Celebrating daily Mass is a blessing because you can take more time to contemplate and ponder the mysteries before you.
On a large Sunday Mass I am too often concerned with all that is going on around me and making sure everything is going smoothly.
On Sunday night I had been reading Mircea Eliade’s history of religion. So many of the themes present within Christianity echoed through the myths and rituals of the ancient pagan world.
Here a god descended to take incarnate form. There a god battled with the powers of darkness. Here a god descended into the underworld to redeem the dead, there a god is brought back to life in the Springtime of the year. Here a king is sacrificed to atone for the sins of the people, there a god ascends back into heaven. Here an innocent warrior is sacrificed, there a scapegoated victim.
The atheist critics say, “You see? Christianity is merely paganism warmed up. All those ancient myths are simply swept up, re-hashed and mashed with added spices and forced into Christianity….kind of like making sausage.”
They would continue, “Just as we no longer believe in Ishtar and Moloch or Odin or Zeus we no longer need to believe in that other mythical hero Jesus Christ.”
I could see their point as I was standing at the altar. I thought to myself. “This really is quite remarkable. Here we are in the modern age and I am standing here as a priest at an altar making a sacrifice. No other religion in the world still does this. Okay, maybe some primitive tribes still offer sacrifices. Maybe creepy witches do or a few scattered obscure sects, but nothing mainstream, and not in the modern world. But here I am, a suburban man with a car that talks to my cell phone and I’m wearing robes, offering incense, lighting candles and making a sacrifice. This is either really very very cool or very very creepy.”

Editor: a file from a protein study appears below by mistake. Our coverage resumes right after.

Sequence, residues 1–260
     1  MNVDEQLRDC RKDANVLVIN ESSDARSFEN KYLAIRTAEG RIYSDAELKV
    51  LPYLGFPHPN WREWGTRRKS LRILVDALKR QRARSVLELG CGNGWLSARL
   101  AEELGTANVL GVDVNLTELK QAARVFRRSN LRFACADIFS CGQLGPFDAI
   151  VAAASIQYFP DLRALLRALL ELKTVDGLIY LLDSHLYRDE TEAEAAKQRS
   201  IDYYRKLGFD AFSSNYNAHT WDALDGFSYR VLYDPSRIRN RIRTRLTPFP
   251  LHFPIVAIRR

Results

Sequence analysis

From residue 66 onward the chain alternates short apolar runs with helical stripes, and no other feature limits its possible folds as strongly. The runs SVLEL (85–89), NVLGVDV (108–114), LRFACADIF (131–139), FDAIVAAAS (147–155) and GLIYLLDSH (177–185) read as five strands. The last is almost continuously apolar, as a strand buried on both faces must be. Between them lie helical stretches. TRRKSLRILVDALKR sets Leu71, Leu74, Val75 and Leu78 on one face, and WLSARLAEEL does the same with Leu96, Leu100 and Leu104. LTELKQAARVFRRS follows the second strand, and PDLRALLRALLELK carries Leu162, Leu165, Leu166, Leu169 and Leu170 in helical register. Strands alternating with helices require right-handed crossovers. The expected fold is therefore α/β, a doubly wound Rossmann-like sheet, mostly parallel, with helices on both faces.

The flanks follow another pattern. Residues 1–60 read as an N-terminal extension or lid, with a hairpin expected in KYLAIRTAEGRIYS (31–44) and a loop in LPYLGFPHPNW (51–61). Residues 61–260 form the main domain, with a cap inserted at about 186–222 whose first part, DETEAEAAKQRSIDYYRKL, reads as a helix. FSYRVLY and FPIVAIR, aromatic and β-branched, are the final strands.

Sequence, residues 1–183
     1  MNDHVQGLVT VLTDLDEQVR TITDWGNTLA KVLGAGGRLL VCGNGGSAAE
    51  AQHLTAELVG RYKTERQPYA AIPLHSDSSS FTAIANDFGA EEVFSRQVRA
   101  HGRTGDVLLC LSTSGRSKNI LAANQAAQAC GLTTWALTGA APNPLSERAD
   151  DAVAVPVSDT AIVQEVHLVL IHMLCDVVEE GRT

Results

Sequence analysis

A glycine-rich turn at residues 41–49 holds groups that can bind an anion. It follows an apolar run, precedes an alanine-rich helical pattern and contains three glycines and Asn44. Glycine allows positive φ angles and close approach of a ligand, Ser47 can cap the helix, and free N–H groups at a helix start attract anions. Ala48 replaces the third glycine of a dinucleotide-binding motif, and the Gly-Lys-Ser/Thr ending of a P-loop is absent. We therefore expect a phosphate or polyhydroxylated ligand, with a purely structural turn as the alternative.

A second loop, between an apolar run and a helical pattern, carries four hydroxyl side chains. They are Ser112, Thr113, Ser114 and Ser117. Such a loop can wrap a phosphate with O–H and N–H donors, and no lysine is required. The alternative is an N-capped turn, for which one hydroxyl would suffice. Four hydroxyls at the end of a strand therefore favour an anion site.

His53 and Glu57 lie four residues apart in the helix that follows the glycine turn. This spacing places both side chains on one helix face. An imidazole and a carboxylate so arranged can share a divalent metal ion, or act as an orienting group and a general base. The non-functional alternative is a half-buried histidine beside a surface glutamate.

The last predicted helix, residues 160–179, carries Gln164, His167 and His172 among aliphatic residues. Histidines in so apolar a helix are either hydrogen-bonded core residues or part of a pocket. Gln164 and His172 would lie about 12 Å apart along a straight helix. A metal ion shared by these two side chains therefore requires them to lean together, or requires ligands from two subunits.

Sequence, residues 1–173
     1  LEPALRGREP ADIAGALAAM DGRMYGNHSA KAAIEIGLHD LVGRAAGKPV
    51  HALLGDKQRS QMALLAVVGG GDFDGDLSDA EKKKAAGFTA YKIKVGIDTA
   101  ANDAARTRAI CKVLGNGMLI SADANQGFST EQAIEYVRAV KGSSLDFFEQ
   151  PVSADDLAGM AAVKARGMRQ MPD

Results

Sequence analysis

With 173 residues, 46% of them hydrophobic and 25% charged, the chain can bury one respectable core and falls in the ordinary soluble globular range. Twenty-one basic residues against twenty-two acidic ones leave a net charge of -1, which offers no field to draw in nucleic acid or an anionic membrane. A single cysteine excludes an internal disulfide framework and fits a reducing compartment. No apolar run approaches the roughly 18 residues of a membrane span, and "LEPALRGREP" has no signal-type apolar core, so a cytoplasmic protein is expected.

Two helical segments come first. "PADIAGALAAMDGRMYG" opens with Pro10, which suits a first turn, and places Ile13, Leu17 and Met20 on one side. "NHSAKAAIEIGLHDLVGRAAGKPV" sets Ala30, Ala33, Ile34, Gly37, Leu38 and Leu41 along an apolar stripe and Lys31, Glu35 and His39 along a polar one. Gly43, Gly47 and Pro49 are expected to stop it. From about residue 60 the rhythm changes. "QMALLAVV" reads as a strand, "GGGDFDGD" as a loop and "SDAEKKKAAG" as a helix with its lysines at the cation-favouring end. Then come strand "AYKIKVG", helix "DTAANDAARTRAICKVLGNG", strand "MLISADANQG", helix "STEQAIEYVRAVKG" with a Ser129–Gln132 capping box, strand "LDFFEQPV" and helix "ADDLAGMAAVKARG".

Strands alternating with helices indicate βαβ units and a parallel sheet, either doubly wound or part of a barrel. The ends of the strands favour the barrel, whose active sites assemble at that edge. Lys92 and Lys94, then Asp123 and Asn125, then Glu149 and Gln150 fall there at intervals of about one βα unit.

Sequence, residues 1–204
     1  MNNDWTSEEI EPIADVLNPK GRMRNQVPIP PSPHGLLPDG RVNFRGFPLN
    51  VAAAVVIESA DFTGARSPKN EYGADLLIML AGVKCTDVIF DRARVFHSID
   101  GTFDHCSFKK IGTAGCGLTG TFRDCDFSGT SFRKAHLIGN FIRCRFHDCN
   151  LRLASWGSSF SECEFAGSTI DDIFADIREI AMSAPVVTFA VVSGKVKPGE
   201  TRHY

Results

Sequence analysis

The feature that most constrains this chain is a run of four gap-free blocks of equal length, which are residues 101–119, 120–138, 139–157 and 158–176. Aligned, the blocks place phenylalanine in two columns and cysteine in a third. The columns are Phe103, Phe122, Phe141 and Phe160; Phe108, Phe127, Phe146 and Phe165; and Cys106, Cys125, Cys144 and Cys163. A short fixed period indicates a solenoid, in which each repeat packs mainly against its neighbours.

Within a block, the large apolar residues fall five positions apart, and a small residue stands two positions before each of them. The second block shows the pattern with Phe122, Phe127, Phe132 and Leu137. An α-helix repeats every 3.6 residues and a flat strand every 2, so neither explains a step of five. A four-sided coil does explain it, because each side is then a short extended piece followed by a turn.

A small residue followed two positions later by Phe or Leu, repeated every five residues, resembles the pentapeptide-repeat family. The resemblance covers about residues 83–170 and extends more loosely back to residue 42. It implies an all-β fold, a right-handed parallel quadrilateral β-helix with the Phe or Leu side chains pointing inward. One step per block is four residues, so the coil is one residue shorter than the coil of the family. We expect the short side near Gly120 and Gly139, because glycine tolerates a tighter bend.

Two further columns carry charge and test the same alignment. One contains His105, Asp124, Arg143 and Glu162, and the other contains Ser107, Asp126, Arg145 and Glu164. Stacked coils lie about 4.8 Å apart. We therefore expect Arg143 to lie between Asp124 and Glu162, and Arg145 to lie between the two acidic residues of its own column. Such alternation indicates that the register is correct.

The cynic says it’s dumb.
The Protestant says its creepy.
How little they understand.
Of course this is just where the Catholic needs to stand the whole argument on its head.
Catholicism is not a re-hash of the old paganism. It is a correction and fulfillment of the old paganism.
Paganism in all its forms wherever it existed was remarkably similar. This is what one gets out of Eliade’s work–that time and again in culture after culture they came up with the same essential myths and models of reality. The gods in one way or another were interacting with humanity for redemption, release, prosperity and peace. Sacrifices were made. Battles were fought. Heroes emerged. Enemies were vanquished. Souls were saved. Humanity survived the crisis.
Only in Catholicism is this still going on.
The other religions of the West have been turned into Moralistic Therapeutic Deism. The sacrifices have ended. The altars were stripped. The incense was extinguished. The gods were packed away into the attic and the priests were pensioned off or re-trained as social workers.
But real Catholicism rejects Moral, Therapeutic Deism just as it rejects the old superstitious paganism.
The sacrifice we offer is not some vague bloody mess we hope will propitiate an angry god, but the re-presentation of the one, full, final sacrifice of Christ–not the Sun God but the Son of God.
Here the ancient paganism with its voodoo magic, its dark secrets and mystical mythologies is superseded not by a religion of nice people doing good works, but a religion with the sacrifice of praise at its heart. Here is sacrifice perpetuated and completed. Here the ancient world is overturned, but here also the modern world with its shallow philosophies of utilitarianism and idealistic ideologies is also overturned, for here is something better, stranger and more marvelous than both.
Here is a religion that brings heaven and earth together in a mystical union which both elevates the earth and humbles heaven.
The fact that this happens at the altar where I stand was suddenly overwhelmingly amazing.
It made me pause until the silence deepened and the people wondered if was lost.
They were right.
I was lost in wonder, love and praise.
And it was difficult for a moment to find my way back to that simple altar where it all takes place.